Assuming Finn was born in 1832 and he was 25 when he and Clemens went to Denver, the year of their trip was 1857.
Whether Finn was married In 1861, as the license originally indicated, or in 1851, as the recorded birthdays of his children suggest,lying about one's age in order to get married is said to have been a common practice. In the family Bible, along with their dates of death, the exact ages of the Finn children have been entered on the basis that they were born in 1854, 1855, 1862, 1864, 1867 and 1869.
In an Interview with the Seattle Times, Finn's brother, Erastus Alevenza, confirmed his claim to have been the prototype of "Huckleberry Finn."
Asked to explain himself, Erastus told a Times reporter, "Mother called him Benjamin Franklin Finn. There were six children, two girls and four boys all born in Lorain County, Ohio (Benjamin's marriage license says he was born in Schoolcraft, Mich.).
"When dad died the boys were all bound out but Huck didn't stay. He ran away. He hired out on the boats running up and down the Mississippi River and the Ohio and the Missouri.
"After a while the war broke out and Huck joined the Army. That's where he and Hank (the author's nickname, he said) Clemens got acquainted. Hank was in the quartermaster's department and Huck helped him. I suppose they were two of a kind and got together on the story part."
It is believed that Finn did serve in the Civil War -- veterans still place a United States flag over his grave. And, according to Mrs. Clayton H. Nestle of Vida, a niece who used to know him, Finn regularly drew a $50 a month government pension. She said she knows because she used to cash it for him.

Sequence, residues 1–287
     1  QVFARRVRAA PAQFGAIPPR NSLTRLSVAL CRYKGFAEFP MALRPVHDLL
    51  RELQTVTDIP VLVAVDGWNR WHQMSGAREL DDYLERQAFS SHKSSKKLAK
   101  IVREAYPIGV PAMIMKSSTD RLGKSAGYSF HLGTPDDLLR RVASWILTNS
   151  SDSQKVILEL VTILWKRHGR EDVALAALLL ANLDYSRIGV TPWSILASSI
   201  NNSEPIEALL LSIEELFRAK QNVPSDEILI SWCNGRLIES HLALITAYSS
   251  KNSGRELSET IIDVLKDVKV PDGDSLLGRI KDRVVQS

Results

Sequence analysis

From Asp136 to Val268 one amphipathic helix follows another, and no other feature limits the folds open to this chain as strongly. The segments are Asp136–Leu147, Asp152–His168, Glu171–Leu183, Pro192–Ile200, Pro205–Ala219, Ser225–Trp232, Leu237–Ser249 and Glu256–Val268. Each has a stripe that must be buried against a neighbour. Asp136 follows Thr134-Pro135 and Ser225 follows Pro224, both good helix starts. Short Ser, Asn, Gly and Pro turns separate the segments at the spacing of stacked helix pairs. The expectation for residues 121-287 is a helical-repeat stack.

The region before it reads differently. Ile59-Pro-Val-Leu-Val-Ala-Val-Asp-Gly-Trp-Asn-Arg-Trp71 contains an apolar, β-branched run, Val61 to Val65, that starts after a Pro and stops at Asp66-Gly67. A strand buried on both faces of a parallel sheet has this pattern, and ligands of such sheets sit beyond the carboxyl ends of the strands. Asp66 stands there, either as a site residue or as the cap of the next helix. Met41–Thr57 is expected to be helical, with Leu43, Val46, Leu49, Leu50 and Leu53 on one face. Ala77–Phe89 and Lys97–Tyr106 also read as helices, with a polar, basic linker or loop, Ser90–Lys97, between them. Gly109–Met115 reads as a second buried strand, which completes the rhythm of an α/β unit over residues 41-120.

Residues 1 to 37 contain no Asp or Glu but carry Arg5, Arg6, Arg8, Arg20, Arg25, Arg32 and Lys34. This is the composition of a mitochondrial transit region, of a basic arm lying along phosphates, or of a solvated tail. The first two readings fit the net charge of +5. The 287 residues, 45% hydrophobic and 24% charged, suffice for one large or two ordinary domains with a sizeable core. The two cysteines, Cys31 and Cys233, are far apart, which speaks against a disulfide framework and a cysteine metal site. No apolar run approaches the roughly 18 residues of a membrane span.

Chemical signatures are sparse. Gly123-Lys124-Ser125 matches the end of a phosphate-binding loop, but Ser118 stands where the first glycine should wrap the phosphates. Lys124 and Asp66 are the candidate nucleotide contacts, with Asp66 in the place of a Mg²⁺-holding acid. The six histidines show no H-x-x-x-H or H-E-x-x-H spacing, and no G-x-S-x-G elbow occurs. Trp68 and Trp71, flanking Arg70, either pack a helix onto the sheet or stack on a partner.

However, the chances of Finn and Clemens having met during the Civil War are slim. Clemens served only two weeks in the Confederate Army during l862, before deserting.
Never the less, Erastus declared his brother's claim was true. "I was in many of those pranks myself," he asserted.
"You see," he continued, "I traveled with Huck part of the time after I ran away from my foster father."
Mrs. Nestle told The News she remembers when one of her uncle's cousins, Ed Rice of Hanna, Ind., and his family visited in the Leaburg area many years ago. Rice announced that he had documentary evidence, proving Benjamin to have been Clemens' friend and the model for his novel. Mrs. Nestle does not have any idea what that "proof" might have been, and members of the Rice famliy are not readily available for comment.
Benjamin's son, Peter, did not believe his father's story.
Perhaps casting the longest shadow across Finn's story, is the fact that he was notorious for his tall yarns. He also claimed Finn Rock on the McKenzie River was named after him because he pulled it out of the middle of the road with his team of mules when he found it in his way.
Although most people doubt Finn was able to move the massive rock, it is fact that the formation was named after him.
Having previously visited Oregon, Finn and his wife, MaryAnn, brought their family to Leaburg in 1871. They had six children, and aome of the sisters later married into the Belknap and Wycoff families, other prominent names in the history of the McKenzie River area.
Descendants of the immediate Finn family, still living in the Leaburg area, include Mrs. Nestle and J. Earl McClellan, the son of Arthur Peter Finn. (Additional Stories on Page 6)